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APICOECTOMY

Usually, a tooth that has had RCT (root canal treatment) can last the rest of your life and never need further endodontic treatment. However, sometimes RCT is not sufficient to save the tooth.

In the following situations, endodontic surgery will be recommended to save your tooth:

  • Occasionally a tooth may fail to heal, or become painful or diseased months or even years after successful RCT.
  • If you have persistent symptoms after RCT, but no problems appear on your x-ray, your tooth may have a tiny fracture or a canal that could not be detected during RCT treatment. In this case, the endodontist will examine the root of your tooth to find the problem and treat it through surgery.
  • Calcification (calcium deposits) can sometimes make a canal too narrow for the cleaning and shaping instruments used in nonsurgical RCT to reach the end of the root. The surgery will clean and seal the remainder of the canal.
  • When inflammation or infection persists in the bony area around the end of your tooth after a RCT procedure.
  • Surgery may also be performed to treat damaged root surfaces or surrounding bone.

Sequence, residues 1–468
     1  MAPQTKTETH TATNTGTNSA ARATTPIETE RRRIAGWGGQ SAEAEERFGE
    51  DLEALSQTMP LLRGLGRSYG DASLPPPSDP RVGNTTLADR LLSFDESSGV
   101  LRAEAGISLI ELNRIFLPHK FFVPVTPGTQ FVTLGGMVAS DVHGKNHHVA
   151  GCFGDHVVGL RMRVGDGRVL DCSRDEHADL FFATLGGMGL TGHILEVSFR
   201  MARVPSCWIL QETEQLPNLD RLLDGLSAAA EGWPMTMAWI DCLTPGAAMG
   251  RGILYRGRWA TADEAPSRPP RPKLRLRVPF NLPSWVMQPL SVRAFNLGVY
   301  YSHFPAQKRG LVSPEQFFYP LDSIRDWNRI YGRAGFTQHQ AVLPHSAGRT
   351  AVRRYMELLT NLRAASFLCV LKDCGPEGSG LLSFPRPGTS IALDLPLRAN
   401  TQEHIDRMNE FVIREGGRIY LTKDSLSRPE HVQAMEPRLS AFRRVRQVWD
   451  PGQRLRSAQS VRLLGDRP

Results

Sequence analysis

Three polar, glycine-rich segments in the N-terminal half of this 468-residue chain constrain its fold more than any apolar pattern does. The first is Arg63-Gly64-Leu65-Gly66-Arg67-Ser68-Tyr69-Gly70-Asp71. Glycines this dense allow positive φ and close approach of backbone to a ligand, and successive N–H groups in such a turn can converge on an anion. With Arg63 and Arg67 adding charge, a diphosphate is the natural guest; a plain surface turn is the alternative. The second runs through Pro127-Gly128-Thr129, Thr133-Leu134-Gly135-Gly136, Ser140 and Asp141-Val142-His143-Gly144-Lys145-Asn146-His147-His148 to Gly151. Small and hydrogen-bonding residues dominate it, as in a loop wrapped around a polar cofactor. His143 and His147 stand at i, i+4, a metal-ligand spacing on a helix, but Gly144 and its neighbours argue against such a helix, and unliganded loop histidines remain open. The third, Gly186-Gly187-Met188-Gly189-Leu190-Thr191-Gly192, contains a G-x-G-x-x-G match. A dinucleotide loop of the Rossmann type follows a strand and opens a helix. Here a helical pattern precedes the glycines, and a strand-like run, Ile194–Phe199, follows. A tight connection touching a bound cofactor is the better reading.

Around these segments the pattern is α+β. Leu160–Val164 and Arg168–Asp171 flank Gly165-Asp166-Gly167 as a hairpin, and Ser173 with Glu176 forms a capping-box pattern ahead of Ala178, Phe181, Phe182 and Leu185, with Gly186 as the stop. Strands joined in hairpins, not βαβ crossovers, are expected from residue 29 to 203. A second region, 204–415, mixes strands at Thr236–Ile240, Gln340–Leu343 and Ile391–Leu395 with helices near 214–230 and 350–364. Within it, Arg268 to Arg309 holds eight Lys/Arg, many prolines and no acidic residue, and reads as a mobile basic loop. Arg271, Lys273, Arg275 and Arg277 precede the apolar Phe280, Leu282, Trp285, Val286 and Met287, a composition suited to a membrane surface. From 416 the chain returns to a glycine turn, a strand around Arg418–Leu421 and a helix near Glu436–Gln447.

Apicoectomy Procedure
  1. The endodontist will open the gum tissue near the tooth to expose the underlying bone and to remove any inflammation or infected tissue.
  2. The very end of the root is also removed.
  3. A small filling may also be placed to seal the end of the oral canal, and a few stitches (sutures) are placed in the gum to help the tissue heal properly.
  4. Over a period of months, the bone heals around the end of the root.

Extraction is the last option after trying every procedure to save the tooth. The extracted tooth may then be replaced with an implant, bridge, or a removable partial denture to restore the chewing function and to prevent adjacent teeth from shifting.

No matter how effective modern tooth replacement may be,
nothing is as good as your natural tooth.